Jerry Coyne Says Francis Collins Should Resign

Evolutionary biologist Jerry Coyne is outraged that Francis Collins has edited and written the introduction for a new anthology, Belief: Readings on the Reason for Faith, which claims to provide “evidence” for a Christian God and prove “once and for all the rationality of faith.”
As Coyne writes on his blog:

Collins is director of the NIH, and is using his office to argue publicly that scientific evidence—the Big Bang, the “Moral Law,” and so forth—points to the existence of a God. That is blurring the lines between faith and science: exactly what I hoped he would not do when he took his new job.
And to those who say that he has the right to publish this sort of stuff, well, yes he does. He has the legal right. But it’s not judicious to argue publicly, as the most important scientist in the U.S., that there is scientific evidence for God. Imagine, for example, the outcry that would ensue if Collins were an atheist and, as NIH director, published a collection of atheistic essays along the lines of Christopher Hitchens’ The Portable Atheist, but also arguing that scientific evidence proved that there was no God. He would, of course, promptly be canned as NIH director.
Or imagine if Collins were a Scientologist, arguing that the evidence pointed to the existence of Xenu and ancient “body-thetans” that still plague humans today. Or a Muslim, arguing that evidence pointed to the existence of Allah, and of Muhammad as his divine prophet. Or if he published a book showing how scientific evidence pointed to the efficacy of astrology, or witchcraft. People would think he was nuts.
Collins gets away with this kind of stuff only because, in America, Christianity is a socially sanctioned superstition. He’s the chief government scientist, but he won’t stop conflating science and faith. He had his chance, and he blew it. He should step down.

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2 Responses

  1. V. V. Raman says:

    Jerry Coyne:

    1. “Collins is director of the NIH, and is using his office to argue publicly that scientific evidence—the Big Bang, the “Moral Law,” and so forth—points to the existence of a God.”

    Is it fair to say that he is using his office? Could he not of said the same things even if he were not occupying that position. Do his statements carry weight because of his office? If so, for whom?

    2. “That is blurring the lines between faith and science: exactly what I hoped he would not do when he took his new job.”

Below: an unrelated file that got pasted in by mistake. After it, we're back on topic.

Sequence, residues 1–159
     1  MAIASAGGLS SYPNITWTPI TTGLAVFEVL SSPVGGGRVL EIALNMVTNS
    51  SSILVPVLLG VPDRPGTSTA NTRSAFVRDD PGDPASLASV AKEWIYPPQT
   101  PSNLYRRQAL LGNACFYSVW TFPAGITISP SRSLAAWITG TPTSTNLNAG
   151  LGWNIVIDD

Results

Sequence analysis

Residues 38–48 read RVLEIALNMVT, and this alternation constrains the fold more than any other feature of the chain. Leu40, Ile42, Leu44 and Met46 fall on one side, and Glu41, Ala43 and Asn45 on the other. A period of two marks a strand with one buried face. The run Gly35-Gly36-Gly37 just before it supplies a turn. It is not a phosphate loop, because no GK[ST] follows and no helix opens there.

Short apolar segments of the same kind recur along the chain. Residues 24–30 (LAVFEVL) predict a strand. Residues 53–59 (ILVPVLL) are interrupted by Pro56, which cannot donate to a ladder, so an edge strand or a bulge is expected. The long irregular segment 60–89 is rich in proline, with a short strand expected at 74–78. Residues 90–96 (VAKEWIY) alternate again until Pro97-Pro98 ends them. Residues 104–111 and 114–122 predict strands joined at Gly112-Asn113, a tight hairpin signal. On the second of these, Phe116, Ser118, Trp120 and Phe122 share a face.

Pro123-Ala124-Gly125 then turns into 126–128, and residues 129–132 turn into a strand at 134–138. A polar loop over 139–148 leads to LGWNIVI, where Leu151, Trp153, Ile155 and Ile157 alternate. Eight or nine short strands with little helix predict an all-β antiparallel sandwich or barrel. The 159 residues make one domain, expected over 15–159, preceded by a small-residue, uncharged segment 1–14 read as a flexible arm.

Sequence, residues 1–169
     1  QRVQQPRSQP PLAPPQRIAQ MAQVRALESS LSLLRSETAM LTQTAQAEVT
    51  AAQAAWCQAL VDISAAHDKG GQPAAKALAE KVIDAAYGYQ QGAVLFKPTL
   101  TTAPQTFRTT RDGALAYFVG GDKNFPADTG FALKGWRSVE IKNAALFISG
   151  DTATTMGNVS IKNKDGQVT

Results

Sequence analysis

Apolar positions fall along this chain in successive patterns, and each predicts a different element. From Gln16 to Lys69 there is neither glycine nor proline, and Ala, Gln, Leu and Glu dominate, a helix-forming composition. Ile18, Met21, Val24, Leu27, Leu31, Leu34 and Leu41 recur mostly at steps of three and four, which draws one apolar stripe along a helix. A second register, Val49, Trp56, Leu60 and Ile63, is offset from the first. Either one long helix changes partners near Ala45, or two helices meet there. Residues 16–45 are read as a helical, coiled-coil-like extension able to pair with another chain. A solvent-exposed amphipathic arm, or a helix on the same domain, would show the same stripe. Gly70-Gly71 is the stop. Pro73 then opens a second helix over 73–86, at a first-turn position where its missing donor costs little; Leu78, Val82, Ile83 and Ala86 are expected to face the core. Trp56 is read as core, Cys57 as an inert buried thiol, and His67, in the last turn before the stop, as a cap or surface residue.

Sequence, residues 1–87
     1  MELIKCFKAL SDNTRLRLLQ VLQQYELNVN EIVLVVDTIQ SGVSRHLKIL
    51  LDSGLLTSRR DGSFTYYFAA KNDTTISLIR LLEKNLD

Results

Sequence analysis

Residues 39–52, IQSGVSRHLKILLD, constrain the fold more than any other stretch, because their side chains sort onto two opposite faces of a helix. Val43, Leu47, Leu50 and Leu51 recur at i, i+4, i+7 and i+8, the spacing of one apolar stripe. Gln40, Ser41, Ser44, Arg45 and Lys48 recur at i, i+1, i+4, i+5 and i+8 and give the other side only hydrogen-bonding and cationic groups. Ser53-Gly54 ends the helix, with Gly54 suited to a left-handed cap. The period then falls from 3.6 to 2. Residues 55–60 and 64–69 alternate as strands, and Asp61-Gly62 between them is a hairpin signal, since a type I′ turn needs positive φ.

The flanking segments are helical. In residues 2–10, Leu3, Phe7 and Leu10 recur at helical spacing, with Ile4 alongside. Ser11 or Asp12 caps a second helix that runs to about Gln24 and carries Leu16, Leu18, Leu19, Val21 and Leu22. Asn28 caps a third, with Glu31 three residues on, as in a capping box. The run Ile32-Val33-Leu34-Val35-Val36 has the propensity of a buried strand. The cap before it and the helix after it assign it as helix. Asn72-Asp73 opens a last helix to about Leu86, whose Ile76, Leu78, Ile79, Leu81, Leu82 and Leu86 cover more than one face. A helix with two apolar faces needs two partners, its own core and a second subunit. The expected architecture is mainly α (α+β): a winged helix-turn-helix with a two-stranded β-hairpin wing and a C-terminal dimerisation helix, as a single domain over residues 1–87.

But this may be exactly what he wanted to do.

    3. “And to those who say that he has the right to publish this sort of stuff, well, yes he does. He has the legal right.”

    He has exercised that right.

    4. “But it’s not judicious to argue publicly, as the most important scientist in the U.S., that there is scientific evidence for God.”

    I am not sure if it is judicious or not. But I would agree it is not very scientific.

    5. “Imagine, for example, the outcry that would ensue if Collins were an atheist and, as NIH director, published a collection of atheistic essays along the lines of Christopher Hitchens’ The Portable Atheist, but also arguing that scientific evidence proved that there was no God. He would, of course, promptly be canned as NIH director.”

    Maybe now. Maybe not fifty years from now.

    6. “Or imagine if Collins were a Scientologist, arguing that the evidence pointed to the existence of Xenu and ancient “body-thetans” that still plague humans today. Or a Muslim, arguing that evidence pointed to the existence of Allah, and of Muhammad as his divine prophet.”

    Maybe nothing terrible would happen if this happened fifty years from now.

    7. “Or if he published a book showing how scientific evidence pointed to the efficacy of astrology, or witchcraft. People would think he was nuts.”

    Only scientifically awakened people would. Not all people.

    8. “Collins gets away with this kind of stuff only because, in America, Christianity is a socially sanctioned superstition.”

    But that happens to be the case. Unless and until Christianity is replaced by an equivalent socially sanctioned superstition (which is bound to happen) one can’t stop this. One can/should always protest and criticize and condemn. We may be grateful for that. Even this is not possible in societies that have and/or acquiring nuclear weapons.

    9. “He’s the chief government scientist”

    I rather doubt that the director of NIH is the chief scientist of the American government.

    10. “But he won’t stop conflating science and faith.”

    He isn’t the only one, nor even the only scientist…

    11. “He had his chance, and he blew it.”

    According to the first statement in this piece, Collins is using it, not blowing it.

    12. “He should step down.”

    That, in the system, is for him to decide.

    13. With all that, I share Jerry Coyne’s shock and disappointment that Francis Collins, occupying such a prestigious science-related public post, lends his name to denominational God-talk,

    V. V. Raman

    February 25, 2010

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